One of the most popular requests here at Audio 46 is for a pair of Bluetooth headphones with active noise cancellation (ANC). More and more companies are coming out with great products, and today I’d like to take a close look at the Bose QuietComfort 35 and Sennheiser HD1 headphones. These two headphones are some of the most popular, but vary in price quite a bit with the HD1 being $170 more expensive. So how do the two compare, and is the HD1 worth the increase in cash? Today I’ll find out with this Bose QuietComfort 35 vs Sennheiser HD1 comparison review.
|Bose QuietComfort 35||Sennheiser HD1|
|Type||over-ear, bluetooth, noise cancelling||over-ear, bluetooth, noise cancelling|
|Battery Life||20 hours||22 hours|
|Charge Time||2.25 hours||??|
In the Box
|Bose QuietComfort 35||Sennheiser HD1|
|QuietComfort 35 headset||HD1 headset|
|Detachable audio cable||Detachable audio cable|
|USB charging cable||USB charging cable|
|Carrying case||In-flight adapter|
Both the Bose QuietComfort 35 and the Sennheiser HD1 have similar sized earcups. The QuietComfort 35’s are made of plastic and the HD1’s are made of metal, giving it a more durable feel. Both earcups are designed to fit over the ear. They both also have buttons and switches for controlling playback including play/pause, track, and volume.
It is no wonder the Sennheiser HD1 is more expensive than the Bose QuietComfort 35. The HD1 is much more comfortable because not only are the earpads thicker and more pillowy than the QC35, but they are coated with genuine leather which is soft. By contrast, the QuietComfort 35’s earpads are about half the thickness. They also are coated with pleather. They are still nice and comfortable, but just have a less expensive look and feel overall.
Again, the Sennheiser HD1 wins the with its exquisite leather on metal headband. It seems much more durable and for my taste it is more comfortable. Although the headband doesn’t have much padding, the way it fits over the head makes it have a sweeter hug around my head. On the other hand, the Bose QuietComfort 35 has a plastic headband with padding coated in suede. It squeezes the head tighter, making it less comfortable. However, it does a great job of noise isolating, even before noise cancellation is turned on. The HD1 doesn’t do this as well.
There is a flagrant difference between the noise cancellation of the Bose QuietComfort 35 and Sennheiser HD1. When I place the QuietComfort 35 on my head, I can immediately feel the sound suck out of the headphones. Via the Bose Connect App, you can toggle the noise cancelling between high, low, and off. The intensity of its noise cancelling tends to make me feel a bit nauseous, but for those who like noise cancelling, you’ll love the QC35.
On the other hand, the HD1 has milder noise cancellation. While it is still noticeable when you put the headphones on, the HD1 lets in ambient noise. I like this kind of noise cancellation better because I don’t experience the dizzying feeling like I do with the QC35.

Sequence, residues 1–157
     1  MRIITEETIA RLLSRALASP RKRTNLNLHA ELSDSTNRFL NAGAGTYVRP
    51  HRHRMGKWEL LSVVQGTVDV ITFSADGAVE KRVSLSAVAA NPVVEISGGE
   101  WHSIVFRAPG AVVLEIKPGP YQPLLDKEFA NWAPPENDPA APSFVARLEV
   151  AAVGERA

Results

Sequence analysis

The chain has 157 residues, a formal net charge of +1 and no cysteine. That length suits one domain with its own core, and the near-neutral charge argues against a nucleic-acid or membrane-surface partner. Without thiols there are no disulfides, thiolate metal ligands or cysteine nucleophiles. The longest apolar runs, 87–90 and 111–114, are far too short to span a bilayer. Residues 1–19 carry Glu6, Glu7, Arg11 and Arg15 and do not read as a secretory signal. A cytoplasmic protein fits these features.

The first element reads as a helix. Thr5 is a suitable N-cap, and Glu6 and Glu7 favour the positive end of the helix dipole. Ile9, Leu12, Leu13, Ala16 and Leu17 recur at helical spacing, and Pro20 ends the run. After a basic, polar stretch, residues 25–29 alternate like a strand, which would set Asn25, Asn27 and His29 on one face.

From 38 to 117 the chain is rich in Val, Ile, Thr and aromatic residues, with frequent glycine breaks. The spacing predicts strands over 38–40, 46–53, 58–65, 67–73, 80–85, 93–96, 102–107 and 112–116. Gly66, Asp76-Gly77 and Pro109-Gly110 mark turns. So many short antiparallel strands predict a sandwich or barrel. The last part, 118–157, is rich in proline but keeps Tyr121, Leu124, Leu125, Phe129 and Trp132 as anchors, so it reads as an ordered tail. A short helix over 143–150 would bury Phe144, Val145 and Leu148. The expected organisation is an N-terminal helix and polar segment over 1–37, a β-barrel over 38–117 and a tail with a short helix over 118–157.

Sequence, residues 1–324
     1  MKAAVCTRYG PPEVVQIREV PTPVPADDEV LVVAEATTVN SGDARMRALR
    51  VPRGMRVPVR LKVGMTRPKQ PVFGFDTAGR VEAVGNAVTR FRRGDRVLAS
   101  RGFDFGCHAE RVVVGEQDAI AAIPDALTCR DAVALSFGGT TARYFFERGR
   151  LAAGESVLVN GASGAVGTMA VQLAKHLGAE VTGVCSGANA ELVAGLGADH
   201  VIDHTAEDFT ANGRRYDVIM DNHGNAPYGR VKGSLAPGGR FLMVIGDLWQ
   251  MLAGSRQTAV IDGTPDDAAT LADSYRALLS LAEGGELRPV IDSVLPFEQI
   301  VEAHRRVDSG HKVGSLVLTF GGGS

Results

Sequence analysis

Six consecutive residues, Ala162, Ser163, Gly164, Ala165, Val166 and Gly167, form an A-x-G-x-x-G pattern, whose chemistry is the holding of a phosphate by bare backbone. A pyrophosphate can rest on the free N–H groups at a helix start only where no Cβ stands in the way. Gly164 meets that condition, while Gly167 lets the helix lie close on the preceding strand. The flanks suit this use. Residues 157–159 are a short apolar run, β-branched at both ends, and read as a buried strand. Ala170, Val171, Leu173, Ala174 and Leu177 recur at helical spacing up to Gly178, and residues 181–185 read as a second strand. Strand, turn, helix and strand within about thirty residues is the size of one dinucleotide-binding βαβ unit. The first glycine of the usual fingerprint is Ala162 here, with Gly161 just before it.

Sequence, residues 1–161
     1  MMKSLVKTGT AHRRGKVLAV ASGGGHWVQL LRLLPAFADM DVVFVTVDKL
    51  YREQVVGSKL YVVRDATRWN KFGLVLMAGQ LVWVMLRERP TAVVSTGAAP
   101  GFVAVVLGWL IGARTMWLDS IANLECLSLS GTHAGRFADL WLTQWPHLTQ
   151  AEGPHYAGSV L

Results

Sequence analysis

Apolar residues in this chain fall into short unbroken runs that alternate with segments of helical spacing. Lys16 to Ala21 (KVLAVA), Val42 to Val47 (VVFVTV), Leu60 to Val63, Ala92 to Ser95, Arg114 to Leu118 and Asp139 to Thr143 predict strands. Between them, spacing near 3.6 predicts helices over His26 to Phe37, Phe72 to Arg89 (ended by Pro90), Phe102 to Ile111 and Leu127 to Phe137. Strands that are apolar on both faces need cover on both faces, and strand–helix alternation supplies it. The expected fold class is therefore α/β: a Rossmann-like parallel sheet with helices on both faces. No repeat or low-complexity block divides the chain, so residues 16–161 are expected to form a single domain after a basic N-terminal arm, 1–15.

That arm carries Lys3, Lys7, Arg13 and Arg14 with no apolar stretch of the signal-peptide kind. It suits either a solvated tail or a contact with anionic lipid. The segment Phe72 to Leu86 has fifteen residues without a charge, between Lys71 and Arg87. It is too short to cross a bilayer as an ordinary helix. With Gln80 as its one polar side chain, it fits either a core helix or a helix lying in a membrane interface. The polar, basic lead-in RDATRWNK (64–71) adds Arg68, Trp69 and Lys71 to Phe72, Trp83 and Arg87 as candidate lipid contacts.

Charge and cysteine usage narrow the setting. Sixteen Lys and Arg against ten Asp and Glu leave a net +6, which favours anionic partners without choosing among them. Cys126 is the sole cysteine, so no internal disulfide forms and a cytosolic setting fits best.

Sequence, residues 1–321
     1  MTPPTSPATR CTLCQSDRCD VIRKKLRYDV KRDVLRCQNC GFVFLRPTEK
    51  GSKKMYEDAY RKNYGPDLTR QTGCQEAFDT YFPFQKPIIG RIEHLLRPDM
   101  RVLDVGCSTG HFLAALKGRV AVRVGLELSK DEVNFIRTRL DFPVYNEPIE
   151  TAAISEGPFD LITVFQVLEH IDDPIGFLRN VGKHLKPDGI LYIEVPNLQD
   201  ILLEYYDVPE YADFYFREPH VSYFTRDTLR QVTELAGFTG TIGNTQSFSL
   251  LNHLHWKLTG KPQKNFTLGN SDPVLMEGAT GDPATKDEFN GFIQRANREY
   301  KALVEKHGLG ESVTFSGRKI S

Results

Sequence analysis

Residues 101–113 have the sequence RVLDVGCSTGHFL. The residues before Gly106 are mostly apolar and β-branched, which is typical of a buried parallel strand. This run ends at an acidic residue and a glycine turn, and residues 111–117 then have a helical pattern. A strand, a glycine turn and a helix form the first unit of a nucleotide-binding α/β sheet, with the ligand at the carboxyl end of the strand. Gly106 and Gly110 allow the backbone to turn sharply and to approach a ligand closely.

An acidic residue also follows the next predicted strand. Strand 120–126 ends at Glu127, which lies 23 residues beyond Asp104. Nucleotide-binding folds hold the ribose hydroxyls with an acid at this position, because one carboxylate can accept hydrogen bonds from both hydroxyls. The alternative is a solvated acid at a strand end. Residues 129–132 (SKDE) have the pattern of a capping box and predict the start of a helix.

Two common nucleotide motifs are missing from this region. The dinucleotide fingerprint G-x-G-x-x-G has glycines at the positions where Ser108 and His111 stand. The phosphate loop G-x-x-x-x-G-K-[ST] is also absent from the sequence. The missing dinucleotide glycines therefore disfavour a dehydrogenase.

The Bluetooth connectivity for both headphones was about the same. Both stay connected a little over 30 feet but work best when they have line of site to the paired device.
The headphones have impressive battery lifes. The Bose QuietComfort 35 has a battery life of 20 hours. It takes about 2.25 hours for the headphones to fully charge. As a result, 15 minutes of charging yields 2.5 hours of playback. The Sennheiser HD1 has a battery life of 22 hours. Sennheiser did not provide the charging time, and although i didn’t test it, I imagine it would be quite similar to the QC35 because it is typical these days to have these kinds of charge times.
Bose QuietComfort 35
The Bose QuietComfort 35 have sort of an anti-dynamic, compressed sound to them. And while the mid-range is a bit crowded, both the highs and lows are accentuated, allowing them to regain a little bit of life. The left to right imaging is decent, but unfortunately there isn’t much depth or height to the sound of these headphones.
The Sennheiser HD1 has quite an impressive sound for a pair of Bluetooth, noise cancelling headphones. It has a nice, thick low end with a boost around 80Hz. The mid-range feels mostly flat, but has a small bump around 2kHz, give vocals an extra little boost. The high frequencies are articulate and provide a sense of depth that is virtually unheard of in the noise cancelling category. Very impressive! As a result, the HD1 has a greater sense of airiness than the QC35. Its left to right imaging is well done, and it has a decent sense of height, although this is the part of its soundstage that is the weakest overall. I’m most impressed with the HD1’s depth, especially for a noise cancelling headphone.
So, are the Sennheiser HD1 headphones worth the extra cash? Yes! Yes they are. Not only do they feel comfortable and look beautiful. They also sound great– not to mention their noise cancellation is more palatable (at least to my ears) than the Bose QuietComfort 35. But if you are looking for a pair of headphones specifically to knock out as much outside noise as possible, then the Bose QuietComfort 35 headphones will be a better choice.
Both headphones are available right here at Audio 46. You can find them here: